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Amnesty International: Slow Aid relief is a crime against humanity!

Through the Amnesty international Action Center, this email action accuses Burma of crimes against humanity due to their slow cyclone relief efforts.  This action goes straight to the horses mouth and sends an email to Linn Myaing, the Burmese Ambassador.  Tell Myaing that they are not fooling the international community and that blocking aid while thousands die is a crime.  

http://takeaction.amnestyusa.org/c.jhKPIXPCIoE/b.2590179/siteapps/advocacy/ActionCenter.aspx

Following the impact of Cyclone Nargis on Myanmar, which killed tens of thousands of people and displaced around a million more, Amnesty International is calling urgently on the government to open its borders to relief workers and ensure aid is provided on the basis of need without discrimination.

“Government red tape in providing visas is costing lives, while some donors are delaying aid in the fear that it will be siphoned off to the army,” said Benjamin Zawacki, Amnesty International’s Myanmar researcher. “The government should now provide access and assurances to international relief workers.”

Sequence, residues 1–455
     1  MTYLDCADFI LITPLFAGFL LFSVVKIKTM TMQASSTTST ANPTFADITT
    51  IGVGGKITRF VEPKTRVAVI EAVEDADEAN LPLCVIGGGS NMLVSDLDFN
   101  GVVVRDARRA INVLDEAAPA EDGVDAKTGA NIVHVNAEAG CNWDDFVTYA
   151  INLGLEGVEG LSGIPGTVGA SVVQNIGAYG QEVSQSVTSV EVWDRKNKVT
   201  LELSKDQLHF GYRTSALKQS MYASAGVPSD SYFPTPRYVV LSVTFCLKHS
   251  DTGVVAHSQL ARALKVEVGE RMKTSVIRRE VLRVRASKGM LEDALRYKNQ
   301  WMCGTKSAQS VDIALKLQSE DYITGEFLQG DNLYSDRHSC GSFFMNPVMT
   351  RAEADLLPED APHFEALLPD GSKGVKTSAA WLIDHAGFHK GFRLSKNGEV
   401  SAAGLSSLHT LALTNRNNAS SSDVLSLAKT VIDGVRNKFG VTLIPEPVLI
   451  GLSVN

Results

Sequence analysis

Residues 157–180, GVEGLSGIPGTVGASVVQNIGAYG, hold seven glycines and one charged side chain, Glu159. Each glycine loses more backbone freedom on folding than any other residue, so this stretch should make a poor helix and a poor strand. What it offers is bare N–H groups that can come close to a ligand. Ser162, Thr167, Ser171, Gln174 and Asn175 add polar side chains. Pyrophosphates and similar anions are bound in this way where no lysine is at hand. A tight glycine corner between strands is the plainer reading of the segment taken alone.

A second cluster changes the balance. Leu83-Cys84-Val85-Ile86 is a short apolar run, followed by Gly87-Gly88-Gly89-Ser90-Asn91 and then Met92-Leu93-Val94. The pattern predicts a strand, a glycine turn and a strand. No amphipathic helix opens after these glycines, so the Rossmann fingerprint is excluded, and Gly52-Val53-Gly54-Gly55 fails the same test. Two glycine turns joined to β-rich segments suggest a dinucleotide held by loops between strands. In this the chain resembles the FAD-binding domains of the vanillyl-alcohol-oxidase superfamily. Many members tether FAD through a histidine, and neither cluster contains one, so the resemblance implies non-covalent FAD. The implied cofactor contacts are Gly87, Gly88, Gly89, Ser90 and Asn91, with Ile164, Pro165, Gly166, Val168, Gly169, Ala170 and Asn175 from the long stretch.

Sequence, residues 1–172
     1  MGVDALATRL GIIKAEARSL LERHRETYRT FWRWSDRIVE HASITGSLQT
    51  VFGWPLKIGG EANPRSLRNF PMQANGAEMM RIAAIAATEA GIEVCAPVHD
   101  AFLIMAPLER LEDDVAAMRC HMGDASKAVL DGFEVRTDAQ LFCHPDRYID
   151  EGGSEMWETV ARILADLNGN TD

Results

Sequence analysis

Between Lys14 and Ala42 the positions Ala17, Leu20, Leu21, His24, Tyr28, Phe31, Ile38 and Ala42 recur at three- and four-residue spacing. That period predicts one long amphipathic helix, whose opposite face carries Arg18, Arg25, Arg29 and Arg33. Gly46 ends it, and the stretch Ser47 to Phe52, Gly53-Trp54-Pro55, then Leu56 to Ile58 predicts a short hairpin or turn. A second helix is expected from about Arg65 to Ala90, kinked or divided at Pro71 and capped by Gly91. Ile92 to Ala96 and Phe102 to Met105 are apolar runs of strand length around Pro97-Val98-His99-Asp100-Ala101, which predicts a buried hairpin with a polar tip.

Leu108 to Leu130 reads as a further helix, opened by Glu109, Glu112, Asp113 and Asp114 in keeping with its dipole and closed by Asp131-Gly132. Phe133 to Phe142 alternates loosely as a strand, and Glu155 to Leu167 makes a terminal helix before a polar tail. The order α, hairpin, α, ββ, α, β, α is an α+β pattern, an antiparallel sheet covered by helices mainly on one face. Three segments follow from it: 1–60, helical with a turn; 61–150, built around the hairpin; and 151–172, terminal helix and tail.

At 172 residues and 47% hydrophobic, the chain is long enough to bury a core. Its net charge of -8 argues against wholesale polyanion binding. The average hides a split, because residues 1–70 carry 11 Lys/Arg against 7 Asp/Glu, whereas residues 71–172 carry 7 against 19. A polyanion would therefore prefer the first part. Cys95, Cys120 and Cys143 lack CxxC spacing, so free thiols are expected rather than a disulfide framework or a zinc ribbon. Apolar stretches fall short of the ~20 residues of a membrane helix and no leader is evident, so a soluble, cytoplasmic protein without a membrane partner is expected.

Through the Amnesty international Action Center, this email action accuses Burma of crimes against humanity due to their slow cyclone relief efforts.  This action goes straight to the horses mouth and sends an email to Linn Myaing, the Burmese Ambassador.  Tell Myaing that they are not fooling the international community and that blocking aid while thousands die is a crime.  

http://takeaction.amnestyusa.org/c.jhKPIXPCIoE/b.2590179/siteapps/advocacy/ActionCenter.aspx

Following the impact of Cyclone Nargis on Myanmar, which killed tens of thousands of people and displaced around a million more, Amnesty International is calling urgently on the government to open its borders to relief workers and ensure aid is provided on the basis of need without discrimination.

“Government red tape in providing visas is costing lives, while some donors are delaying aid in the fear that it will be siphoned off to the army,” said Benjamin Zawacki, Amnesty International’s Myanmar researcher. “The government should now provide access and assurances to international relief workers.”